I still struggle with the intentions of the two programmes. A wide and varied range of disabilities, conditions and mental health issues are dealt with and perhaps this is it's fault.In their intention to cover a myriad of problems, they have covered too much and so the overall message is lost, empathy is lacking and any real understanding of the problems themselves or what life is like for the parents is still as muddy as at the start of the programme. Adam's lack of diagnosis is illustrative of a great number of children on the autistic spectrum but there are more people who have to fight for support for their children and who cannot access a private institution like the Priory to facilitate a diagnosis. Maddy is another example of the realities of having a child with a neurological condition. The fact that somewhere along the line she was actually misdiagnosed with Attachment Disorder and her poor mother was told that it was all her fault, might be shocking but is common. Less than 50 years ago women were being told that their parenting was the cause of their child's autism.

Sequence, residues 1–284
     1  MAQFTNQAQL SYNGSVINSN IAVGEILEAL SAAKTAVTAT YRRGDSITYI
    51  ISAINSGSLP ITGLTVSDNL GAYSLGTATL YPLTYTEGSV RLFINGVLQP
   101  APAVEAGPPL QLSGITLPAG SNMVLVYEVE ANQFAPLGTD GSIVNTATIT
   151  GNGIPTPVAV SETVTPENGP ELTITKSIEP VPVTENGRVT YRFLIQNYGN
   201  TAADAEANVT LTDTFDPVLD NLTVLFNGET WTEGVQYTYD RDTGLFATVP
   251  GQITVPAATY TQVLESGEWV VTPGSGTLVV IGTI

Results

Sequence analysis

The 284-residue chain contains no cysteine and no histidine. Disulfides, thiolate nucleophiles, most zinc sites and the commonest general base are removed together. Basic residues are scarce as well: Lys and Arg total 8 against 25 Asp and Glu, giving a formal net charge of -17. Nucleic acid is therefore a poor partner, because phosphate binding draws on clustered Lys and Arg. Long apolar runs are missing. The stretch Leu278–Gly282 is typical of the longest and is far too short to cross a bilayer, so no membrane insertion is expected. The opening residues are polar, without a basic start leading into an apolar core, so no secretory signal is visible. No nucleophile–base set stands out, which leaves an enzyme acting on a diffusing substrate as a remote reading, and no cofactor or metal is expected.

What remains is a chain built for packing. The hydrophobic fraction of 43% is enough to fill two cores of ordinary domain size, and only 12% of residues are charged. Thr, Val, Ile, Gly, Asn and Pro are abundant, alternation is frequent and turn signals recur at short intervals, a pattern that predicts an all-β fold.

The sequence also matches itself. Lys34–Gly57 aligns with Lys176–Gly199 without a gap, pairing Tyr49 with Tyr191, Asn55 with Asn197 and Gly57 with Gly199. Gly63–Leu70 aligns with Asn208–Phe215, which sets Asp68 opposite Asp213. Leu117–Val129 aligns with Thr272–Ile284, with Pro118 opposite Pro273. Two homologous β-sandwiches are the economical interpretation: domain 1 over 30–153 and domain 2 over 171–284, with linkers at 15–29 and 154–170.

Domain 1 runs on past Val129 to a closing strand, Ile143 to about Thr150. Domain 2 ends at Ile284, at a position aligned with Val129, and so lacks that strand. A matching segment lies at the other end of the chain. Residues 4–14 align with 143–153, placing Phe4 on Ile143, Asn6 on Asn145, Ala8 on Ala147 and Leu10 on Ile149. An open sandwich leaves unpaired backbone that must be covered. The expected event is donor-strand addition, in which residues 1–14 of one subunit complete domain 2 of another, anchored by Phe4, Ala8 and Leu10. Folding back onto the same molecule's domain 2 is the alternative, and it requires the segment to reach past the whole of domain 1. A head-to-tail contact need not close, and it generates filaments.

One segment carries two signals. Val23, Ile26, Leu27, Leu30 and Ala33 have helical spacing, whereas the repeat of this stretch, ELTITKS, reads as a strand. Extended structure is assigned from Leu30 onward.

The buzzwords of the programme are behaviour and difficulties. This muddies the line between neurological conditions, psychological conditions. Something that is treatable, curable and something that is not. Indeed the choice of showing three children in the first programme, two with diagnosable neurological conditions and one with a psychological one suggests that they are similar. Ergo something that you can be counselled out of. ADHD, ASD and Tourette's are very, very different to Mutism, Bulimia and Stammering and perhaps the programmes would have been better if they had separated them. Also, I cannot recall the word disability every being used in the programme. That is what these children are.